What’s sad about these unspoken standards is that we feel like failures when we inevitably can’t do it all. Those thoughts and feelings like we are failing, unworthy, less than, not enough, who am I to do that? They haunt all of us. These feelings are shame. We hide them away in hopes no one will ever see them; because if they did, we would indeed be judge and found unworthy.


Before we go further, let’s make sure we are all on the same page. Shame is the fear of disconnection, fear of being judged as unworthy and not good enough; to be cast out. Shame is “I feel awful because I am a bad person.” Guilt is “I feel awful because I did something bad.” 



As a mother of two amazing young daughters, living on a beautiful farm, with an outdoor arena as a front yard, who was I to complain? I should be the happiest person alive, shouldn’t I? But I missed myself before having children. I felt that I was a horrible mom for having these thoughts; I felt ashamed. I felt unworthy around my horses because my connection with them was almost nonexistent. I was angry, resentful, frustrated, and I felt alone.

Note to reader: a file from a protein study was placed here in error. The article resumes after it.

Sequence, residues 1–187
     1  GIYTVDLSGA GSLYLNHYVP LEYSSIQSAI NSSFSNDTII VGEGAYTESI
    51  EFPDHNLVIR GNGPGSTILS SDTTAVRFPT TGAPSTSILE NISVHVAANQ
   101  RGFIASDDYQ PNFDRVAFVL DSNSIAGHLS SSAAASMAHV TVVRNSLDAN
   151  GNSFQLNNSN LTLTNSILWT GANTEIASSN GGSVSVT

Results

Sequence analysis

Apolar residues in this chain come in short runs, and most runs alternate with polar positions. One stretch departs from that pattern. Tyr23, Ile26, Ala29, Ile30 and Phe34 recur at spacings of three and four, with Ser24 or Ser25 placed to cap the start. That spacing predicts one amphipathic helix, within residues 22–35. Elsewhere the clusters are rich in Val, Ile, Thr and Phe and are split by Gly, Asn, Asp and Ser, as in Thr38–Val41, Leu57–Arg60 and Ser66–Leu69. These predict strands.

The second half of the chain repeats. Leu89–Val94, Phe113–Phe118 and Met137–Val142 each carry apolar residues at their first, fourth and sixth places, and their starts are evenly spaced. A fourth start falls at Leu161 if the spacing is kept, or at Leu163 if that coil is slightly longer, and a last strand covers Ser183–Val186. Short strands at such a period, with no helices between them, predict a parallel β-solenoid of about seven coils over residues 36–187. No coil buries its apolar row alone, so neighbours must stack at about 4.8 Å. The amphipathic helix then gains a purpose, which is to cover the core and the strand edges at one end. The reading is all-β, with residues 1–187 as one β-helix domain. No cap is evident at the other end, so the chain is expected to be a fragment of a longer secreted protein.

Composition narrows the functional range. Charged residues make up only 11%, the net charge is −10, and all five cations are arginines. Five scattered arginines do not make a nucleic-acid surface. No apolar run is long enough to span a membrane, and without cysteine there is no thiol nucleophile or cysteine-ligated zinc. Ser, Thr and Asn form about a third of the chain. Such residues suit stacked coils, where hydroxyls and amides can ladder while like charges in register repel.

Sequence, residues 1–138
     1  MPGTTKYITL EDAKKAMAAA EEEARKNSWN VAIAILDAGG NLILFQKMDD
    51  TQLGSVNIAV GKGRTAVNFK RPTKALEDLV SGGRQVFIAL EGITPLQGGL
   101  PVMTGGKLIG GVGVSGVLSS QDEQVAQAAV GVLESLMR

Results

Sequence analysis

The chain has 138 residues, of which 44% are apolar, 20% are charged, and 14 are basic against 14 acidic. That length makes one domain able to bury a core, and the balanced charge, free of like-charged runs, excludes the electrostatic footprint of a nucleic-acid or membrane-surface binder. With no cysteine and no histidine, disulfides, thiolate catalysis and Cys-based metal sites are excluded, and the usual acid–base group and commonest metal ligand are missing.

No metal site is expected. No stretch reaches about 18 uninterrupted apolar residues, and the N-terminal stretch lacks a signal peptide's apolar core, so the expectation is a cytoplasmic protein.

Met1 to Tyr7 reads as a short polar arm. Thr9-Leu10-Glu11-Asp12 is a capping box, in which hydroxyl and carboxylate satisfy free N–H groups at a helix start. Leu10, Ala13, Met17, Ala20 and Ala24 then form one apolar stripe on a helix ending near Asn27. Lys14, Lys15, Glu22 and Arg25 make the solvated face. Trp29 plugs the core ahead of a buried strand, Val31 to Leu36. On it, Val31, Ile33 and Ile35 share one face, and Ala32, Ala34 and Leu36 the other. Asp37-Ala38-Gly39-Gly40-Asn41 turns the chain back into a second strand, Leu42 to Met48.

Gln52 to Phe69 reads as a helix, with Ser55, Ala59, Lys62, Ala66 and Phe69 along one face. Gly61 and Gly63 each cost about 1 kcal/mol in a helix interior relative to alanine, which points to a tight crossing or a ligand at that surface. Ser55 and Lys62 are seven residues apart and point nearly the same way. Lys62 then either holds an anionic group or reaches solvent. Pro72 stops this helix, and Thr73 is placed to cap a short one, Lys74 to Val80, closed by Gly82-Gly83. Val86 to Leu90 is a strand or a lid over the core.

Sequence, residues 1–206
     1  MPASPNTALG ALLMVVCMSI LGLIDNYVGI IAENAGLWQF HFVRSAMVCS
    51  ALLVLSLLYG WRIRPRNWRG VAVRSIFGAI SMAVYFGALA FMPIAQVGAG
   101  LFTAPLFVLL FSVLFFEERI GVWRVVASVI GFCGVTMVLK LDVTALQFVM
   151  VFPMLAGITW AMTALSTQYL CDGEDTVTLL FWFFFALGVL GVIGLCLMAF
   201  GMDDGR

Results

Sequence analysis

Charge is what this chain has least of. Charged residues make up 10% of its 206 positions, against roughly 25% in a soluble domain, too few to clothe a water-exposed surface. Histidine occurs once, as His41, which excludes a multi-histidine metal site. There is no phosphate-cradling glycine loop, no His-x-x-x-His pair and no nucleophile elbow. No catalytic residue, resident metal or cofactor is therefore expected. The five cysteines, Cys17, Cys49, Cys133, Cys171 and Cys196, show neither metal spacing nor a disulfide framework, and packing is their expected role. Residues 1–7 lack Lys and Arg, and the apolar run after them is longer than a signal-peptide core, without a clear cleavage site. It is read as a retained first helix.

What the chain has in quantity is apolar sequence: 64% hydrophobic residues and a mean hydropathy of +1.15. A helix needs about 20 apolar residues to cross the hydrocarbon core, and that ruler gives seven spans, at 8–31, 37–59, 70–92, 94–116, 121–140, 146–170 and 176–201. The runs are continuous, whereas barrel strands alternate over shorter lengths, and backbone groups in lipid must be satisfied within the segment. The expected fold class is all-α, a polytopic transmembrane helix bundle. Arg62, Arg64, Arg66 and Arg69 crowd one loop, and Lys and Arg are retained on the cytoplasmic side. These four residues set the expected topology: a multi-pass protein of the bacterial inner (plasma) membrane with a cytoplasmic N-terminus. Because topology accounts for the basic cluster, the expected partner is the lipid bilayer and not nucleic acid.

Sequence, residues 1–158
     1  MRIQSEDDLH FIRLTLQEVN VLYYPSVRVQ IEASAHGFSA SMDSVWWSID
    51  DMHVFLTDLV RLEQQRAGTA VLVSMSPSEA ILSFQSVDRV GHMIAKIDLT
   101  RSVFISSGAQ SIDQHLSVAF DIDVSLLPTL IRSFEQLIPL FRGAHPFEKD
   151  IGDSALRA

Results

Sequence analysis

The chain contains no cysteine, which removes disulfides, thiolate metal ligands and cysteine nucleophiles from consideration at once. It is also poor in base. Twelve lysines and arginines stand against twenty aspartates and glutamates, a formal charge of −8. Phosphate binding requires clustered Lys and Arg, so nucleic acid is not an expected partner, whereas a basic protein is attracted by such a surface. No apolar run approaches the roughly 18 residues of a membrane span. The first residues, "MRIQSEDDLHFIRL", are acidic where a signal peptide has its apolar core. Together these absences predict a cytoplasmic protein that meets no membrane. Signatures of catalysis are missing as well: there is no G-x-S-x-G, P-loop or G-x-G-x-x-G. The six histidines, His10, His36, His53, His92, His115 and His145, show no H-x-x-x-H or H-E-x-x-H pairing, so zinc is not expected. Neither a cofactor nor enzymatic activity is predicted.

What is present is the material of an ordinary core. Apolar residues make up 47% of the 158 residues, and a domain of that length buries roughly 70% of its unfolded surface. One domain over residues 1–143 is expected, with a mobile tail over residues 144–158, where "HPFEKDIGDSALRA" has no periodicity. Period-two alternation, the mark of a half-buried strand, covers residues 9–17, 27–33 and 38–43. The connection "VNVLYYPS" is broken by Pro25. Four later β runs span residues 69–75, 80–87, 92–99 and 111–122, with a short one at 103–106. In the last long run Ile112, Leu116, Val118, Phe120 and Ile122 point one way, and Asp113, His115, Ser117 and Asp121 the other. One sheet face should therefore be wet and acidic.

Luckily, thanks to my horse, I started going down a rabbit trail, trying to fix our connection. Instead, I found how much healing I needed. The shame I was carrying was eating away at my passion for life. I started to see the hope that I could indeed be happy and fulfilled as both a mother, wife and horsewoman.